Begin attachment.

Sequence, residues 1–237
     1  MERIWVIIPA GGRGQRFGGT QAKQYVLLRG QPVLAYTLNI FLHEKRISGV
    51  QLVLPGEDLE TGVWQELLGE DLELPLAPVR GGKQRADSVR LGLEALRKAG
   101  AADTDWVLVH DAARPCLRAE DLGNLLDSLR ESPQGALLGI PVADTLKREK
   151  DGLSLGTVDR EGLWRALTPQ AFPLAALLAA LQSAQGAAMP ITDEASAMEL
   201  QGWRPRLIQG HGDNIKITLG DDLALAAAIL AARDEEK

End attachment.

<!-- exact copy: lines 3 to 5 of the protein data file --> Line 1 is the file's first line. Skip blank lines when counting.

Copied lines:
    51  QLVLPGEDLE TGVWQELLGE DLELPLAPVR GGKQRADSVR LGLEALRKAG
   101  AADTDWVLVH DAARPCLRAE DLGNLLDSLR ESPQGALLGI PVADTLKREK
   151  DGLSLGTVDR EGLWRALTPQ AFPLAALLAA LQSAQGAAMP ITDEASAMEL